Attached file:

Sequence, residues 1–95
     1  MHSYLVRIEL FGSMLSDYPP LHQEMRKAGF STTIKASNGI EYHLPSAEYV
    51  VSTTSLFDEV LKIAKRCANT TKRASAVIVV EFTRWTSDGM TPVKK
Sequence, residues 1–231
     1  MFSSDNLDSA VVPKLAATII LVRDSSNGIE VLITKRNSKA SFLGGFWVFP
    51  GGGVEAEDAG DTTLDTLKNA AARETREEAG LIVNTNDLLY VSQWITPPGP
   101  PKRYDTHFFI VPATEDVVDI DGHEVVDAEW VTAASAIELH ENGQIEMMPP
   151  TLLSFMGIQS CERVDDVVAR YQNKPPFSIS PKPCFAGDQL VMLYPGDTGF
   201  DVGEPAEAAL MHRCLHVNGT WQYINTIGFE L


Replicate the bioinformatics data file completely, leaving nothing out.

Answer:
Sequence, residues 1–95
     1  MHSYLVRIEL FGSMLSDYPP LHQEMRKAGF STTIKASNGI EYHLPSAEYV
    51  VSTTSLFDEV LKIAKRCANT TKRASAVIVV EFTRWTSDGM TPVKK
Sequence, residues 1–231
     1  MFSSDNLDSA VVPKLAATII LVRDSSNGIE VLITKRNSKA SFLGGFWVFP
    51  GGGVEAEDAG DTTLDTLKNA AARETREEAG LIVNTNDLLY VSQWITPPGP
   101  PKRYDTHFFI VPATEDVVDI DGHEVVDAEW VTAASAIELH ENGQIEMMPP
   151  TLLSFMGIQS CERVDDVVAR YQNKPPFSIS PKPCFAGDQL VMLYPGDTGF
   201  DVGEPAEAAL MHRCLHVNGT WQYINTIGFE L